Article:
"I wanted to be an actor," he says, sitting on the couch of his apartment overlooking the bay in Cardiff, Wales, where Torchwood is shot. "Celebrity has come with that, and I'm absolutely loving it. I love signing autographs!"
"He's got something for everyone," Barrowman says. "Women think he's sexy, some young people find his bisexuality is something they can relate to, and kids just want someone who's cool. One little boy at an autograph signing said, 'I don't care if he likes boys — he's still my hero.'"
"I know a lot of gay leading men in Hollywood," he says. "I'm not one for outing people — they might have personal issues they need to overcome — but if they are not speaking up because they're afraid it's going to affect their careers, that pisses me off. Take the risk! I took that risk and the public rewarded me. I still play straight leading characters in theater, TV and film, so it doesn't matter."
"I'd do Torchwood for the next five years if they asked," he says happily. "I wake up every morning, I shoot aliens, I save the world, and I get to be sexy and cheeky at the same time. A young boy is living his dream as a man."
Billie talks Belle De Jour
She said of the real Belle: "I was shocked that she seemed to be OK with it.
"I thought surely something bad must have happened, she must have been neglected, had no love from men or her dad walked out, there are many things.
"But what shocked me was that she seemed like a well-rounded, well-read, smart and witty woman."
Asked what she learned, Billie said: "The most shocking thing for me was that I imagined guys wanting to sleep with prostitutes being quite bolshy but it actually isn't like that.
"They feel quite vulnerable. These women are man-eaters. It shocked me that it would be like that."
Billie said she took a few outfits home, adding: "Usually I'm not really like that - I'm quite scruffy."
She said of prostitution: "It's an extremely lonely existence. You're having a dual life. It's like always having an affair... I haven't really explored the dark side of things but I'm aware that things occur and I'm not entirely sure what should be legal."
Billie on playing Belle
“I thought if I was going to take the job and play a hooker, I can’t be shy about it” she told Sun online.
And of the show’s nudity and frequent sex scenes, she said:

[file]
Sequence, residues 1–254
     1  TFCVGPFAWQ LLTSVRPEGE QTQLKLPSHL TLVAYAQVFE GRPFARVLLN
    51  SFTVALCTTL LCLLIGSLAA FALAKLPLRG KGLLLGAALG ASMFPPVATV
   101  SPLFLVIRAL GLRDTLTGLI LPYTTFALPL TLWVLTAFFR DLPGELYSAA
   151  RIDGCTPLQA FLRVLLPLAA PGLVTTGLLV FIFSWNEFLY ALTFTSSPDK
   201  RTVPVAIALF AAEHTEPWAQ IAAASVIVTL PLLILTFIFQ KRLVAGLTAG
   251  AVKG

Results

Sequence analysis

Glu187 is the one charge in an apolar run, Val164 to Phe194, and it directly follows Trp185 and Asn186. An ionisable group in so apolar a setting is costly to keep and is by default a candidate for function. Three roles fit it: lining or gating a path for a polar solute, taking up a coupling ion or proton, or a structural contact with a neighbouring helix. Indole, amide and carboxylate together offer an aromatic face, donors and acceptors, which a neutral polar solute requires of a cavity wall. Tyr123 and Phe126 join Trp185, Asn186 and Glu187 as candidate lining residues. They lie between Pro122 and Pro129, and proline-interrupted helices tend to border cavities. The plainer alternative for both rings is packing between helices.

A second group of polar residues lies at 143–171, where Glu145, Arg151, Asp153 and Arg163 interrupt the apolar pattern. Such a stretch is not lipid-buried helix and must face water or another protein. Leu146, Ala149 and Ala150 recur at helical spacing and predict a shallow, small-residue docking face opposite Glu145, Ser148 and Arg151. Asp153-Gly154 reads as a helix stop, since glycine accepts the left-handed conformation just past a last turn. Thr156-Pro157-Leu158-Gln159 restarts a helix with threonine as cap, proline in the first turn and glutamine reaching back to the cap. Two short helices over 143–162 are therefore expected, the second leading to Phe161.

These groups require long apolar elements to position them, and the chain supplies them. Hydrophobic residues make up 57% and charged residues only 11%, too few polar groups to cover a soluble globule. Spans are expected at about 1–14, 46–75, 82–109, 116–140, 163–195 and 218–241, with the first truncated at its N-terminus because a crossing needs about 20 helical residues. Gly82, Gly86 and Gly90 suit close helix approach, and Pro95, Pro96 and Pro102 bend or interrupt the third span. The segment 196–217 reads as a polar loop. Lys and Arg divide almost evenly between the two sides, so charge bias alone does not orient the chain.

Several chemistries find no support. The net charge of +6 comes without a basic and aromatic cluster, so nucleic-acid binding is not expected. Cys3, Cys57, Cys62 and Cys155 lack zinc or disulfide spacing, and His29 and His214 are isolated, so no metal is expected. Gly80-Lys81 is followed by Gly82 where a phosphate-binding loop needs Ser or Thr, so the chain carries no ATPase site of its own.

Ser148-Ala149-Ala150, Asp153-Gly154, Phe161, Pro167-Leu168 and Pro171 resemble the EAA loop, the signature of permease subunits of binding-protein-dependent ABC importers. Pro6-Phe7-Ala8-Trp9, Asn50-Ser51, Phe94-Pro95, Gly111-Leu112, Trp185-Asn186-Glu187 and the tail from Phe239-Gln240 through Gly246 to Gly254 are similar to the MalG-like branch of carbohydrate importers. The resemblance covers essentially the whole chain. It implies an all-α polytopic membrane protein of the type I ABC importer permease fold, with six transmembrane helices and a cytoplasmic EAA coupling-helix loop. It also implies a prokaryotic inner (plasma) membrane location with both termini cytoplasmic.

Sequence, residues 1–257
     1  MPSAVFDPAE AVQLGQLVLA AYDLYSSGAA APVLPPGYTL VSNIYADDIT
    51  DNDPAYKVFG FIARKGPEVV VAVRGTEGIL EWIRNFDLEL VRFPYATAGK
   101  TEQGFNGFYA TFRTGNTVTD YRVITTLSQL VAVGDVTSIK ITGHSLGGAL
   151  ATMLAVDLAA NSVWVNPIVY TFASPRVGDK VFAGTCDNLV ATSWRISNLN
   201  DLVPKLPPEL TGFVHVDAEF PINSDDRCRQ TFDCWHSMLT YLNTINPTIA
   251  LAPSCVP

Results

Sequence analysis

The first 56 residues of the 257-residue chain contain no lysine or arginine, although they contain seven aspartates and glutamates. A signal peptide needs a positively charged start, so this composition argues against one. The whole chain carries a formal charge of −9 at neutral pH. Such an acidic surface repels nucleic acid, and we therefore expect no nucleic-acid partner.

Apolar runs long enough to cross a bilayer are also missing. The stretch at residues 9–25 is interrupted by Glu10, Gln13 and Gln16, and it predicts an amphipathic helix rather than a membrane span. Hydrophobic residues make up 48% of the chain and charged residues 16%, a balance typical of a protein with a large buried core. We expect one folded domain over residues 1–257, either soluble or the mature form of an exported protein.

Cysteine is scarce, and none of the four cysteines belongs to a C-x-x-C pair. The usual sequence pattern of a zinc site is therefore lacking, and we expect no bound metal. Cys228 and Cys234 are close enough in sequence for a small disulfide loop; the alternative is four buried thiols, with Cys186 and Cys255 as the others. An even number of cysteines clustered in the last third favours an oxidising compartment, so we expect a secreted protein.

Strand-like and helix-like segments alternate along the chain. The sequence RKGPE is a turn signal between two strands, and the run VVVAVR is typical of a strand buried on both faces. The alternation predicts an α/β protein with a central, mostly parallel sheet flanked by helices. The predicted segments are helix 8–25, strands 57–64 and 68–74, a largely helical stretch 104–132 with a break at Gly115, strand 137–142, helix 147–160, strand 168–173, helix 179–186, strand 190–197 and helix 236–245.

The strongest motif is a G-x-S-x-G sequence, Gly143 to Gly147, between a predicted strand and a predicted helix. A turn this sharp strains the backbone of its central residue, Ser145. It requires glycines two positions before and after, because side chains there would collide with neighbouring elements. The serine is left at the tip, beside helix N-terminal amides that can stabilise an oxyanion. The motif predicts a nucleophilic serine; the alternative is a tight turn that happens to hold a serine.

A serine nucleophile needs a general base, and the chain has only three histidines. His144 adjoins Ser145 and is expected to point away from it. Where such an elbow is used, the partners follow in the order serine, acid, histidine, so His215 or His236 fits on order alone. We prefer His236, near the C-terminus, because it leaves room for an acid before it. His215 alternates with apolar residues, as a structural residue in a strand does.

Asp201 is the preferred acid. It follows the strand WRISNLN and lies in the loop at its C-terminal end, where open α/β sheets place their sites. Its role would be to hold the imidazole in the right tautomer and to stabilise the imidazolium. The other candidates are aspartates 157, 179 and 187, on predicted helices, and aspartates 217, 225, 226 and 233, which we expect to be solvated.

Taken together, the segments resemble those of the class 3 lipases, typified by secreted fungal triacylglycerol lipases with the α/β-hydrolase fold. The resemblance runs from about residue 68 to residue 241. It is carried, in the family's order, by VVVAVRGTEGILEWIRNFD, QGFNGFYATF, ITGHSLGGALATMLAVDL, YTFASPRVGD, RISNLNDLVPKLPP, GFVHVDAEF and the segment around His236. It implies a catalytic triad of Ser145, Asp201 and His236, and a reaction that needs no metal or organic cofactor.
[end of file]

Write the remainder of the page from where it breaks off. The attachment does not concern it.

“And you can’t be shy about what you show because you are playing someone who has sex for a living.
“So if you were doing it endlessly in your bra and pants then you’d be thinking that is not a true account of what happens.
“It is a really intimate show,” she said. “I am really scared if I am honest.
“It is scary thinking that people are going to see you in that way maybe for the first time.
“And it is scary to think that people are going to treat you differently,” she added.
Billie thinks she's a man
Speaking at an ITV2 programme launch, she said: "I still feel like a boy. I'm convinced I'm a man."
But she did add: "I know how to walk in nice underwear now.
"The whole time people are saying 'You've got to push your tits out, stand straight', things like this.
"Nice underwear makes you feel quite sly. No one else knows about it."
Billie accused of glamorising prostitution
Piper said: “This is the story of a witty, well-educated girl who enjoys having a lot of sex and likes being paid a lot of money for it. She makes no apologies for it. It is her choice and she is very much in control.”
But the series has been criticised for fuelling male fantasies and misrepresenting prostitution. A spokeswoman for the English Collective Of Prostitutes said: “The series might reflect the lifestyle of a few high-end girls but the majority of prostitutes do not have a choice. They are doing it to put food on their children’s table and often place themselves in dangerous circumstances.”
Ms Piper denied that the series’ aim was pure titillation. She said: “This is TV so it looks slightly glamorous. It always does when you put a camera on these things. But this is going on and just because it’s not right for us, we take the moral high ground.”
She acknowledged that there were also “many desperate girls walking the streets for a few quid. It’s cruel and brutal”.